How to Design a Safe Room

How to Design a Safe Room

Family survives in safe room

Disaster-preparedness guides often instruct you to head to your basement in case of dangerous weather, but that's not always an option. In Joplin, Missouri, where a powerful tornado killed 158 people in 2011, almost nine of every 10 homes had no basement. And basements aren't always safe because of broken windows, flying debris and the potential for flooding.

For many there's a better option: specially built safe rooms and storm shelters that help protect your family while the weather rages. "The greatest reason for having a storm shelter is the peace of mind it offers," says Ernst Kiesling, executive director of the National Storm Shelter Association, which studies and improves hurricane and tornado shelters.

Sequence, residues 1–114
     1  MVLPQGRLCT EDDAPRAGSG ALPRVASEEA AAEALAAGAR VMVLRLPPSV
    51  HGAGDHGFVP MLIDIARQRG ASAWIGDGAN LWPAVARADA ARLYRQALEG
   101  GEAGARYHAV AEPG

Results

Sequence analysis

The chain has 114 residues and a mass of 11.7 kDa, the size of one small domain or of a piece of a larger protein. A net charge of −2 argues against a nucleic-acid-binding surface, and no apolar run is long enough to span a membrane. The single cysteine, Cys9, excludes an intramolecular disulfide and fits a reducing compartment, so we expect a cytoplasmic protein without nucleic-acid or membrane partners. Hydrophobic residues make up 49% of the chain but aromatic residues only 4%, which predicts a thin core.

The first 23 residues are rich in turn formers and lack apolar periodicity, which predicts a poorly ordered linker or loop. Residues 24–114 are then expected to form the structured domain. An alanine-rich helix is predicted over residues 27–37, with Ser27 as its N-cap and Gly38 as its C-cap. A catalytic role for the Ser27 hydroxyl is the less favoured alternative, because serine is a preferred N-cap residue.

"If you know there's a safe place, you don't have to worry so much when you see a storm coming." An appropriate shelter depends on your location, the size of your family and your home's condition. For example if you're in an area with a high risk of hurricanes, consider a larger shelter because you may have to wait out the storm for hours. Tornadoes pass by relatively quickly.

The chart below helps you figure out what kind of shelter best suits your needs. Make sure your shelter meets Federal Emergency Management Agency (FEMA) recommendations for "near-absolute protection" in extreme weather. Satisfactory shelters should withstand a tornado classified as EF-5, with wind speeds possibly exceeding 200 miles per hour.

"This is not an area where you want to do the minimum," Kiesling advises. "You don't want to worry whether the coming storm has 160 mph winds or 250 mph winds. Your shelter should be able to withstand the worst-case scenario."

How to Design a Safe Room